As cells age, damaged proteins and lipids accumulate within them. Impaired cell parts can send free radicals into the body, and dysfunctional proteins and lipids may break down DNA within cells, causing them to become toxic. Cells usually clean up their own damage through a "housekeeping" process called autophagy. But as the body ages and in people with certain diseases, cells' ability to do this housekeeping becomes less efficient. That means it may be harder for people to recover from cardiac events such as heart attack or other illnesses.
University of Florida researchers have found that combining calorie restriction with a supplement of resveratrol, an antioxidant found in the skin of red grapes, dark chocolate and blueberries, could kick-start this housekeeping process, helping heart cells recover from damage, according a study in rats published in the journal Free Radical Biology and Medicine.
"The damaged proteins and lipids remain inside cells, eventually making them toxic," said lead author Debapriya Dutta, Ph.D., who earned her doctorate from the University of Florida and is now a postdoctoral researcher at the University of Illinois at Urbana-Champaign. "We wanted to see whether an increase in autophagy would remove such damaged cellular components and make the cells healthy again."
In an earlier study published in the journal Autophagy, Dutta and UF researcher Christiaan Leeuwenburgh, Ph.D., showed that increasing the housekeeping process protected cardiac cells from cell death. In their current study, the researchers wanted to test interventions that could improve autophagy in the heart. They further investigated whether the improved process helped protect rats' heart cells against induced stress.
To study this, the researchers restricted the calorie intake of one group of 26-month-old rats - approximately equivalent to a 65-year-old human - by 20 percent over a period of six weeks. Another group received only the resveratrol supplement. A third group received both the calorie-restricted diets and the resveratrol.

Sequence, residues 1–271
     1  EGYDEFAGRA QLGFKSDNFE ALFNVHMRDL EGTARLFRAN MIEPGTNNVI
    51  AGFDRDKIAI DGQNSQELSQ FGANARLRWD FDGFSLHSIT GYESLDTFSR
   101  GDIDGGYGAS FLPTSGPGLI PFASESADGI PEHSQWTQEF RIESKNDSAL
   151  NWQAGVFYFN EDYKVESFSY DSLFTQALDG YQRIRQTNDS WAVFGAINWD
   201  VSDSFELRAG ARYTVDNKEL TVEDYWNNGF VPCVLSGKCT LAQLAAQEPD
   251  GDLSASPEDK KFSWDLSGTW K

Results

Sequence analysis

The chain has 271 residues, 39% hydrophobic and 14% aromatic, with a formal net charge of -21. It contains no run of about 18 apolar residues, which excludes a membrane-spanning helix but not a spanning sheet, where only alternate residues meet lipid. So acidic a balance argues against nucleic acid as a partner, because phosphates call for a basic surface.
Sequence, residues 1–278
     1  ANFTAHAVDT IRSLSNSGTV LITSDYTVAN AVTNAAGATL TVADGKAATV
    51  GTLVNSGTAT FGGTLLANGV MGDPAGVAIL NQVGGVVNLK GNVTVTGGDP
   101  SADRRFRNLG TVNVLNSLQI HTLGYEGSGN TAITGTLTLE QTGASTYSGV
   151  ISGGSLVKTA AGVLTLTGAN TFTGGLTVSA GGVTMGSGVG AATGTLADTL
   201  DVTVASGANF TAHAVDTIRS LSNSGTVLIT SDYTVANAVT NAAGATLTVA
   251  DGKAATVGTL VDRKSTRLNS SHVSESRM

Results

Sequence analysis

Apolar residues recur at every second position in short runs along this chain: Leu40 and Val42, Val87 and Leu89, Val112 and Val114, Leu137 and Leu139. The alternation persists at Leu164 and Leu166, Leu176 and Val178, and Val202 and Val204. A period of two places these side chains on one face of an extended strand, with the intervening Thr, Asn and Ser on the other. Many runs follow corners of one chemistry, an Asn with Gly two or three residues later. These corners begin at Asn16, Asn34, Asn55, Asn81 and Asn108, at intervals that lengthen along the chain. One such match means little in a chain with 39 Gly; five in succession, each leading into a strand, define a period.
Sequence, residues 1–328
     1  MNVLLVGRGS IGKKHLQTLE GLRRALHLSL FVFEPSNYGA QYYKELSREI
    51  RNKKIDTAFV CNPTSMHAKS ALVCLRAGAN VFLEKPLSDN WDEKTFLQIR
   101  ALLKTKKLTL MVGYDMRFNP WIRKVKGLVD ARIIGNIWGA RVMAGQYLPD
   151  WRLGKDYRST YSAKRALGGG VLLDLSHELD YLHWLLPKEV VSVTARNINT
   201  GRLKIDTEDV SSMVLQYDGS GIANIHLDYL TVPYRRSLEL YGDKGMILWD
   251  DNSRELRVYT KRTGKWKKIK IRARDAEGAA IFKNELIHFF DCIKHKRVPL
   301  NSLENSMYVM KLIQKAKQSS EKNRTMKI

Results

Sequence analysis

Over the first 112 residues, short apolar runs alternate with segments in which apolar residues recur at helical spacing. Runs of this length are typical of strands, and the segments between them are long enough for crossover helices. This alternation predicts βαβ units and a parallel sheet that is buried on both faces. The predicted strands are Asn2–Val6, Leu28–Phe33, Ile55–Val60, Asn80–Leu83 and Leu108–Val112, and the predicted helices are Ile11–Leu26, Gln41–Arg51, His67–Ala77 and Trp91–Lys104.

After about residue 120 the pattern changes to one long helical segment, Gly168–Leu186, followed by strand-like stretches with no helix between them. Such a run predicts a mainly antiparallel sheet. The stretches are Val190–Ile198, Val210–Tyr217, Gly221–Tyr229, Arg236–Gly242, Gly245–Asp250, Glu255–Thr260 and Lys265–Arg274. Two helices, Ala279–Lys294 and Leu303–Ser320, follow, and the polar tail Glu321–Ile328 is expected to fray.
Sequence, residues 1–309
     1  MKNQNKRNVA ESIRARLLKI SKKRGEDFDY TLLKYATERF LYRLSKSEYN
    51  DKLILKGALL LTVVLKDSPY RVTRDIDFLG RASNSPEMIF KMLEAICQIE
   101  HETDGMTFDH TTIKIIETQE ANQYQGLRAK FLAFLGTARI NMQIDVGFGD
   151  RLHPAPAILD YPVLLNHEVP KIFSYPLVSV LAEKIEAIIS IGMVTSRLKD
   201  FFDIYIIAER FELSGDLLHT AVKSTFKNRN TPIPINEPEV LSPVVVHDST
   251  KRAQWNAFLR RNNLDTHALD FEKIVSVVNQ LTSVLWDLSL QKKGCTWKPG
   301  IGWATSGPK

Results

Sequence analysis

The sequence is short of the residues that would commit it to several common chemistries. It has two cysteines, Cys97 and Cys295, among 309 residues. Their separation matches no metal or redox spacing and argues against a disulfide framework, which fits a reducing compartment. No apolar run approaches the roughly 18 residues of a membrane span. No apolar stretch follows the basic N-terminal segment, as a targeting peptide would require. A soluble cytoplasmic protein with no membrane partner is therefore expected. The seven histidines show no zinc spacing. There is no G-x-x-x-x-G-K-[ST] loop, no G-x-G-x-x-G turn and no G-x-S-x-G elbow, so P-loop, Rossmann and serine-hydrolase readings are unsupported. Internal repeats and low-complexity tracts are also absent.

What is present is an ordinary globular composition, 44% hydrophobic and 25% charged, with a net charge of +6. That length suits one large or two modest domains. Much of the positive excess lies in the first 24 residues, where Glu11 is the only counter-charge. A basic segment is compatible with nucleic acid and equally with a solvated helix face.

"Only the group with caloric restriction plus a higher dose of resveratrol induced autophagy," said Leeuwenburgh, who is also chief of the division of the biology of aging in the University of Florida Institute on Aging.
The researchers think the combination of resveratrol and calorie restriction promotes the role of a protein called mTOR, which regulates cell growth, proliferation and survival, though they say need to further investigate exactly why the combination of interventions was more effective than either just calorie restriction or just resveratrol.
Leeuwenburgh compares cells unable to clean themselves of damaged parts to smoldering houses.
"If you're older and you have a sudden stress condition, the smoking homes become fires," Leeuwenburgh said. "A little bit of smoke is okay, but if they're not removed quickly, the smoke will turn into a fire, and the cell will start releasing proteins that will cause the breakdown of other apparently functional proteins and DNA in the cell, leading to cell demise and ultimately, organ dysfunction."
That also means cells may not be able to react as well to the onset of diseases, especially in older adults. Aggregations of plaque within neurons contribute to Alzheimer's disease, for example. But the plaque could be alleviated by spurring autophagy, which could help clean out the plaque, the researchers said. Increasing the cleaning process could also help cells protect themselves against inflammatory diseases and cancer.
"These kinds of diseases aren't solely due to a lack of autophagy. There are so many factors that come into play," said Dutta, who was the paper's lead author. "But if you increased autophagy for many of these pathologies, it can help the body fight the disease."
Dutta said the next steps are to test autophagy-enhancing treatments in different disease models, eventually starting clinical trials including the combination of weight loss and resveratrol, exercise and other natural compounds such as papaya.